Southwest warns 6,800 employees of impending layoffs, a first for the airline

By Pete Muntean and Gregory Wallace, CNN

    (CNN) -- Southwest Airlines warned 6,800 employees Thursday they may be furloughed in the spring, the airline told CNN.

If the layoffs do take place, they would be the first in the carrier's nearly 50-year history.

The total includes 2,551 ground crew members who handle baggage, cargo, and restocking planes, as well as 1,176 customer service agents, 1,500 flight attendants and 1,221 pilots. The airline said the cuts would take place on March 15 or April 1 for different groups of employees.

US airlines, including Southwest, received a total of $25 billion in federal help earlier this year with the condition that they not institute any involuntary job cuts through the end of September. United and American Airlines furloughed 32,000 employees between them on October 1, the day that prohibition ended.

Delta Air Lines has avoided involuntary job cuts because employees took voluntary buyouts and early retirement offers, and its pilots agreed to changes in their contract that would reduce labor costs. But some 16,000 other job cuts have been instituted or planned across the rest of the airline industry before Thursday's announcement from Southwest.

Southwest has typically been among the most profitable major US airlines. But it has reported losses of $2.75 billion through the first nine months of the year, which also puts it on track for its first annual loss.

Over Thanksgiving, US airlines had their busiest week since mid-March, when the pandemic brought air travel to a near halt. But United, Southwest and American have all warned investors that they are seeing a new drop in bookings as Covid-19 cases have risen nationwide, and public health experts have urged people not to travel during the holidays if possible.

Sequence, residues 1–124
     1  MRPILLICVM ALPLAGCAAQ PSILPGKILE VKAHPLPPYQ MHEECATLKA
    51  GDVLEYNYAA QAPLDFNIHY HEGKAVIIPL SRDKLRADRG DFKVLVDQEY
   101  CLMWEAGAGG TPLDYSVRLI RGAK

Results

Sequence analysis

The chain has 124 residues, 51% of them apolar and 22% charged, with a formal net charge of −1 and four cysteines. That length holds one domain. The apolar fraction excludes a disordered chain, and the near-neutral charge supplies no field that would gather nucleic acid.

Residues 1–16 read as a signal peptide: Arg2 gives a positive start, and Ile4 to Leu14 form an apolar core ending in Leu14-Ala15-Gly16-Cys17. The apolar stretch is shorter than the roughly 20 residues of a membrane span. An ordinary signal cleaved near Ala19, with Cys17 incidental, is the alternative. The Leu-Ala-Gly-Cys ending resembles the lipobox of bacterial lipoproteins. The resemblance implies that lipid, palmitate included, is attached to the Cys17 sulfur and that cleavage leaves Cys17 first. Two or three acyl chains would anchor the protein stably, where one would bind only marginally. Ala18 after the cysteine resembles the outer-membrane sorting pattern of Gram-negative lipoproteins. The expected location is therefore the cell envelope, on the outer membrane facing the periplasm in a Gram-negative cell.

Southwest has asked the 12 unions representing the 83% of its employees who are unionized for approximately 10% pay cuts to avoid furloughs. The airline told CNN it has reached agreements with its meteorologist and dispatcher unions.

An internal memo to employees noted that the airline is open to pay cut agreements with other union groups that would avoid the 6,800 looming furloughs in 2021.

The memo said "we are not closing the door — we'll continue negotiations if union representatives want to continue working toward reaching mutually agreeable solutions."

Several airline unions continue to lobby Congress for a stimulus bill that includes payroll funding for their employees. But despite bipartisan support there has so far been no additional help for the industry approved by Congress.

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